The rand firmed 0.8% against the US dollar on Thursday following South African Reserve Bank (Sarb) Governor Lesetja Kganyago’s announcement that the bank’s Monetary Policy Committee (MPC) had unanimously decided to hold the repo rate at 3.5%.
Soon after Kganyago’s address, the rand touched an intraday high of R13.97 to the dollar. It remained range bound around R14 for most of the day, but was just below that psychological level, at R13.99 in evening trade.
It is the second time within 10 days that the rand dipped below R14 to the greenback. Some market commentators say the currency could strengthen further, even to around R13.65 to the dollar.
“A weaker dollar could drag the USD/ZAR below R14.00 with R13.80 and R13.65 acting as key levels of interest,” Lukman Otunuga, senior research analyst at FXTM, notes in a post-MPC statement.
“The central bank expressed optimism over the economic outlook with GDP expected to expand 4.2% in 2021 [up from 3.8% at its March MPC meeting] despite the threat of a third wave of Covid-19,” he says.
“Interestingly, the forecast for inflation was slightly lower at 4.2%, down from 4.3%. However, Sarb Governor Lesetja Kganyago stated that the overall risks to the inflation outlook appeared to be on the upside.”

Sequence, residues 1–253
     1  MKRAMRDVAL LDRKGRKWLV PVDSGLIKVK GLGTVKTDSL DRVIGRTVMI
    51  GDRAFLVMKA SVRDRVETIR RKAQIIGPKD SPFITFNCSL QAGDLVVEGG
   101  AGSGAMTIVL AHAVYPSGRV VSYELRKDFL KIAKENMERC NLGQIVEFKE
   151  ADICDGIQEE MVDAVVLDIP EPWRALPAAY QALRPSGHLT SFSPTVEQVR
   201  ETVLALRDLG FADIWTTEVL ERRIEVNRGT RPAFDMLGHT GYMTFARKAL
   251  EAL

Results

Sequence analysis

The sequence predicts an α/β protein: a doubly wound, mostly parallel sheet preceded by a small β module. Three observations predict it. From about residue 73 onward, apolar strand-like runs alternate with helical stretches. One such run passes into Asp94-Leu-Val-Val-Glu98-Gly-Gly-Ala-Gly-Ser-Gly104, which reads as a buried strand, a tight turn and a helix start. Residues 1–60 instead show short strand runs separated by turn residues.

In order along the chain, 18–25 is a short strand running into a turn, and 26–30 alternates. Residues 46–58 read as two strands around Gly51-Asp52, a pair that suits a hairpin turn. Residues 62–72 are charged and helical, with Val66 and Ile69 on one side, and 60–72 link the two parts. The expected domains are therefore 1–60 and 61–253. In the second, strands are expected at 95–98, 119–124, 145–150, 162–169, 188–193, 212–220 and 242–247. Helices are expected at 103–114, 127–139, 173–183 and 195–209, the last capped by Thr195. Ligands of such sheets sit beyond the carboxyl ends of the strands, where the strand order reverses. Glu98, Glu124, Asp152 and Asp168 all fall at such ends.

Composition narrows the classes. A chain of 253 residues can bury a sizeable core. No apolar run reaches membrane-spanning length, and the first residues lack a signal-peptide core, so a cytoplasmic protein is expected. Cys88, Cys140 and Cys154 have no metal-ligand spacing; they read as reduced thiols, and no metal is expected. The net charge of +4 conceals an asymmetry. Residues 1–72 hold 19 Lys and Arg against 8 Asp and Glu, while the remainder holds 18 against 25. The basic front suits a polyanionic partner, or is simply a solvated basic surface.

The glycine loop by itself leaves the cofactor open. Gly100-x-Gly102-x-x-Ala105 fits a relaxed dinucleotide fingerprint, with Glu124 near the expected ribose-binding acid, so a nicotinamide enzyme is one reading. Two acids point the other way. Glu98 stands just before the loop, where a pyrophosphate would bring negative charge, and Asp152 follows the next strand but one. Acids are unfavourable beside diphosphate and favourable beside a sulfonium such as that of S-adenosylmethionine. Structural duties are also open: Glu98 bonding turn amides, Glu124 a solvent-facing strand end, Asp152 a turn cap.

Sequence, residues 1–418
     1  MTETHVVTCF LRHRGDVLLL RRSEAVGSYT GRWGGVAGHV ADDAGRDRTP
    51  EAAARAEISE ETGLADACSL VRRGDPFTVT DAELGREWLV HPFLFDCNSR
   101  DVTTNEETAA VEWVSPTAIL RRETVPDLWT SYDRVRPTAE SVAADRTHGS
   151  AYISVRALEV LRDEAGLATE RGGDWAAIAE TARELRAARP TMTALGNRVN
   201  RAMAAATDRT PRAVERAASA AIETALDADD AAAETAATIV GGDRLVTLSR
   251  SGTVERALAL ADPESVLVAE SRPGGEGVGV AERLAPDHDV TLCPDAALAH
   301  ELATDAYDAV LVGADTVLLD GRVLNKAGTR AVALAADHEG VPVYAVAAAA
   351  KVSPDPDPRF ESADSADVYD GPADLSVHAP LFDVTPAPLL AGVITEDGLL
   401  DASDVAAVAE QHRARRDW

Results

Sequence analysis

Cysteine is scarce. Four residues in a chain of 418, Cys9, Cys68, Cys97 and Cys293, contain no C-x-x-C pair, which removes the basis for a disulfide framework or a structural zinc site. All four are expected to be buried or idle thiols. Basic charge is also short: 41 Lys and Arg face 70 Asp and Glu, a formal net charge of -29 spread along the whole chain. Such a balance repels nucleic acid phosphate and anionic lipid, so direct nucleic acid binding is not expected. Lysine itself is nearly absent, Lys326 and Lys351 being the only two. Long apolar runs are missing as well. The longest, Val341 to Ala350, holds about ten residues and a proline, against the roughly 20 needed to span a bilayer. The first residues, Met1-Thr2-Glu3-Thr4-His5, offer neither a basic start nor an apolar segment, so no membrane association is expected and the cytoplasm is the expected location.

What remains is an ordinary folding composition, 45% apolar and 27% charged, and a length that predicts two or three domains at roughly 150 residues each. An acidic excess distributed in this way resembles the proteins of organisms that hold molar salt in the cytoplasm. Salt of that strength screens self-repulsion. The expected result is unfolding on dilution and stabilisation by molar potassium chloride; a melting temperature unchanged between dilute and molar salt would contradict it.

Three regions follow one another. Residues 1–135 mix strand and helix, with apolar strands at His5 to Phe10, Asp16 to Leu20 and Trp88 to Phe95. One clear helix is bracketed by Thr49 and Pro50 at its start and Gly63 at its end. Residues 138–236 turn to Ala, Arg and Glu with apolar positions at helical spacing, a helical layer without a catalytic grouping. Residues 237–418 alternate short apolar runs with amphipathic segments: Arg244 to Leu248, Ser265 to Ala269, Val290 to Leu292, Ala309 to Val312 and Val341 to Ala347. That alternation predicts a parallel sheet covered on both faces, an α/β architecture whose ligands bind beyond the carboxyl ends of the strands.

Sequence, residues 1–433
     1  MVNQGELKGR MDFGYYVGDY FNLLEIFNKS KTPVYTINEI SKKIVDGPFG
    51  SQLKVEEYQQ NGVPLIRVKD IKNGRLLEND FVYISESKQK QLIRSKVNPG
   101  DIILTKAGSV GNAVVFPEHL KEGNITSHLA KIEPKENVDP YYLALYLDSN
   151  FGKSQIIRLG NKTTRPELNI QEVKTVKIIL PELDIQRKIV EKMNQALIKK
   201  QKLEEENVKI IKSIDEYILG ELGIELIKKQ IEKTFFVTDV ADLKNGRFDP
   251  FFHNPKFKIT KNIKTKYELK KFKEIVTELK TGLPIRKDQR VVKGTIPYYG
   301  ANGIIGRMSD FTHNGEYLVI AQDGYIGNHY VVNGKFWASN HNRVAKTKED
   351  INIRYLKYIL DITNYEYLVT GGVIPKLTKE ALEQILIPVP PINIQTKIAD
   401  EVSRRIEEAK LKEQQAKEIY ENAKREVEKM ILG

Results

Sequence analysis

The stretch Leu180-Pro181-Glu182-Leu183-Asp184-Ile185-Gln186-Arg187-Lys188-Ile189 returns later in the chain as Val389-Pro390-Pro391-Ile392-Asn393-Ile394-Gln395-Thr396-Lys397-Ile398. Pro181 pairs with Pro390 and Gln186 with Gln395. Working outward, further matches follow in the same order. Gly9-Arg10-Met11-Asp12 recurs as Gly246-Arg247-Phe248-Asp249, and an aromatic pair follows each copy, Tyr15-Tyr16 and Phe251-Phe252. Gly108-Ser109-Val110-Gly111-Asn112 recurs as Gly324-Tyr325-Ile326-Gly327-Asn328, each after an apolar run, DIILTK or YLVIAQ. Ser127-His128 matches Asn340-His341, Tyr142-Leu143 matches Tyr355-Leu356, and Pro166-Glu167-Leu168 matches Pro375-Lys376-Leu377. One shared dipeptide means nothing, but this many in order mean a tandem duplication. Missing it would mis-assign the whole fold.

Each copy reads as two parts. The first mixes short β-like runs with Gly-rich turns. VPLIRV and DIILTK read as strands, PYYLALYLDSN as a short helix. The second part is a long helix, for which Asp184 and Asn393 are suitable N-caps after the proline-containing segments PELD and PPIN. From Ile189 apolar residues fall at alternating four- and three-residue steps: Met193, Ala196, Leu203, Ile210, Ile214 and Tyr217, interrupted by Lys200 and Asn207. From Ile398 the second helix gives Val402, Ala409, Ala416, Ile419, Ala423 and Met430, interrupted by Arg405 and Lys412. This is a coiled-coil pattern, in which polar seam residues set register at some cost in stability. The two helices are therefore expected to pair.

However, he adds that: “Although inflation remains within the Sarb’s 3-6% target band, consistent signs of rising price pressures could force the Sarb to act sooner than later.”
South Africa’s Consumer Price Inflation (CPI) rate came in higher than expected and at a 14-month high for April on Wednesday, which has raised the prospects of a repo rate hike this year.
“In a move that should assist in calming market concerns around inflation, the Sarb’s forecast for 2021 CPI is slightly lower at 4.2% [down from 4.3% in March],” according to Anchor Capital investment analyst Casey Delport in a note issued late on Thursday.
“The Sarb still believes that the higher inflation trajectory is transitory and that, going forward, the stronger exchange rate, ongoing moderation in unit labour costs, and sustained economic slack are expected to offset higher electricity and food price inflation, thus keeping the headline inflation forecast relatively stable,” he adds.
Delport also highlights the Sarb’s increased GDP forecast for this year.
“This stronger growth forecast for 2021 is reflective of better sectoral growth performances and more robust terms of trade in [the first quarter]. Despite rising oil prices and a higher total import bill, commodity prices have risen to new highs, strengthening income gains to the economy.”
The JSE closed in the green on Thursday, buoyed by gains in banking and technology sector stocks following the Sarb’s MPC decision to kept the repo rate unchanged, according to Anchor Capital.
“Banking firms, Investec, FirstRand and Nedbank Group gained 3.2%, 1.8% and 1.3%, respectively,” it notes.
Listen to Simon Brown’s recent MoneywebNow podcast interview with Schalk Louw of PSG Old Oak on the rallying rand (or read the transcript here)